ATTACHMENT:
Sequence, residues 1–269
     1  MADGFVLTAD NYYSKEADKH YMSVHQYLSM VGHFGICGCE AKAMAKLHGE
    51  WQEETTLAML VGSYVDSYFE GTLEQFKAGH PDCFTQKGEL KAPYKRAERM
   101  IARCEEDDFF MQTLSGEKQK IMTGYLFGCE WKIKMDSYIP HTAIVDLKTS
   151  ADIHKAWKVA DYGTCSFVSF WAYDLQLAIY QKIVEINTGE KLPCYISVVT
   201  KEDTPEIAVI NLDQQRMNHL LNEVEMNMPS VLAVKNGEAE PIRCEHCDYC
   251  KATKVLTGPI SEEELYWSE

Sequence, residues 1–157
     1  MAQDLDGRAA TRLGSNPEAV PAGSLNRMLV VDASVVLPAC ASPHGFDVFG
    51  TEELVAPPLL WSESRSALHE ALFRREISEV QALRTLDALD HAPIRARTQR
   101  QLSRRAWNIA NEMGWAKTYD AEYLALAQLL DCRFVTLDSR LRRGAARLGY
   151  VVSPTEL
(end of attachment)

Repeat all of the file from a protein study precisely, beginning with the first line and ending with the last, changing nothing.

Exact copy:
Sequence, residues 1–269
     1  MADGFVLTAD NYYSKEADKH YMSVHQYLSM VGHFGICGCE AKAMAKLHGE
    51  WQEETTLAML VGSYVDSYFE GTLEQFKAGH PDCFTQKGEL KAPYKRAERM
   101  IARCEEDDFF MQTLSGEKQK IMTGYLFGCE WKIKMDSYIP HTAIVDLKTS
   151  ADIHKAWKVA DYGTCSFVSF WAYDLQLAIY QKIVEINTGE KLPCYISVVT
   201  KEDTPEIAVI NLDQQRMNHL LNEVEMNMPS VLAVKNGEAE PIRCEHCDYC
   251  KATKVLTGPI SEEELYWSE

Sequence, residues 1–157
     1  MAQDLDGRAA TRLGSNPEAV PAGSLNRMLV VDASVVLPAC ASPHGFDVFG
    51  TEELVAPPLL WSESRSALHE ALFRREISEV QALRTLDALD HAPIRARTQR
   101  QLSRRAWNIA NEMGWAKTYD AEYLALAQLL DCRFVTLDSR LRRGAARLGY
   151  VVSPTEL